If one wanted to re-live even a paragraph from its rich cultural narrative, Tibet Autonomous Region (TAR) is what is available today to a traveler, that too in parts. And while traditionally its inhabitants were the ethnic Tibetan people, today there are many Han Chinese who reside there too. Besides its heritage, the benevolence of its natural landscape is rooted in its waters. Some of the most important rivers that feed other countries have their source in Tibet. The Indus, Yarlung Tsangpo (Brahmaputra) & Mekong River to name a few.
For me though, while curiosity fed a decade of waiting to even get to Tibet, seeing the Himalayas in a yet untouched, more pristine form was the biggest tug. It had to be a road trip, nothing else. To the Southern part of Tibet. You don’t do justice to the land if you aren’t breathing the fresh air en route, experiencing the hospitality and finding joy in halting at small roadside stalls for some awesome noodle soup & jasmine tea. Yes Tibet could seem daunting for a vegetarian. But it was easily the one place that took me by surprise
(Red dotted line is the route I took for the road trip from Lhasa to Mt. Everest)
11 DAYS IN TIBET. GETTING THERE
You have a choice to reach Tibet from Kathmandu or fly into Chengdu/Beijing/Shanghai & plan your onward journey. I chose Nepal. Which meant a stopover of 1 day to arrange for the visa papers. To do a Tibet trip you have to plan atleast 30 days in advance. As the Chinese officials require a detailed itinerary & the use of a local tour company. It’s a rule. I was also told I couldn’t travel solo & needed to go there as a couple or a group (this rule keeps changing). So my brother & I took this journey. I have to admit, traveling with an older sibling is cool. Especially as he is around, but just lets you be too. Kind of, going duet but doing solo.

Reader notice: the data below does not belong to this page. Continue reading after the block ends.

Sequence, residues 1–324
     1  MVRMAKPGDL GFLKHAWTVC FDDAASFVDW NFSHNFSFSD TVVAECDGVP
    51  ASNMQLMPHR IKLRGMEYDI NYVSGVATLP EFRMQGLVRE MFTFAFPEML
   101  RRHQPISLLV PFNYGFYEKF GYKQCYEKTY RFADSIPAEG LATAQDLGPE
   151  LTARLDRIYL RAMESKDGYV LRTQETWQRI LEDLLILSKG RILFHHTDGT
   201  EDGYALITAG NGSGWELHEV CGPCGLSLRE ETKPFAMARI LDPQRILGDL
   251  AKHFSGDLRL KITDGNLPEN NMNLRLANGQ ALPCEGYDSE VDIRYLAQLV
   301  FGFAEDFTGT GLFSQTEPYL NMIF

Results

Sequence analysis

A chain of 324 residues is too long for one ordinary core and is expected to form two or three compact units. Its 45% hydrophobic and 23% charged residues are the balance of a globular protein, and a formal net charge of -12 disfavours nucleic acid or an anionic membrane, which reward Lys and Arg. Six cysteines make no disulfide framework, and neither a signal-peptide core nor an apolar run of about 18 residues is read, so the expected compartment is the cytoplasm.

Once I figured it was a road trip, selected the trail, the sights, sounds & experiences I wanted to have, I worked with a local tour company to make it a reality. The journey (roundtrip approx. 1600 km) was:
KATHMANDU. THE SAFE HAVEN
I must admit, I didn’t do justice to Kathmandu. But the 1-½ days we spent there clearly gave me a hint that I had to do an encore. We did short trips to the temples, Stupas, shopped for Tibetan paintings as we were advised that it’s much more affordable in Nepal. I remember we got all excited about the journey while having a meal in a terrace restaurant opp. the Boudhnath Stupa. While simply listening to melodious Buddhist chants that were playing. It deserves a separate chapter and I’ll try & do justice to it there. But it’s a stop over that gets you all ready and waiting with bated breath.
(Post the Nepal Earthquake 2015, not much is left of the 300 yr old Patan Durbar Square)
HIMALAYAN PEAKS AT 35,000 FT
The flight from Kathmandu to Lhasa that I took was the one managed by Air China. They were amazingly sweet to upgrade me on my return journey. But do make it a point when flying inward into Lhasa to sit on the left side & when returning to Kathmandu to sit on the right side seat. On a good day, you will see the tallest Himalayan peaks. And not one of us who saw it could keep our eyes off it for the next 30 mins. If you have soaked into the narrative that brings these glorious mountains alive, get ready to feel its wave of spirituality. Divine & calming.
Well the journey had just begun, but the excitement wouldn’t abate even 2 months after our return. 11 days had already started to feel too short, to truly relish the land.
Flights from Kathmandu to Lhasa: Operated by Air China & Sichuan Airlines
Tibet Travel Permit, Local Driver & Guide, Tibet Group Visa: If you are traveling into Tibet from Nepal all 3 are required. Some other permits are required if you are traveling closer to the borders. All of this can be handled by the local tour agency. But keep a lead time of 30 days minimum. This is specific to my journey to South Tibet (Route Map shared above)
No Tibet Permit Required: In Qinghai, Sichuan, Gansu & Yunnan Provinces, some of which are on the Tibetan Plateau but are outside TAR
Tibet Tour Agency: I have covered that in detail in my final post on Tibet.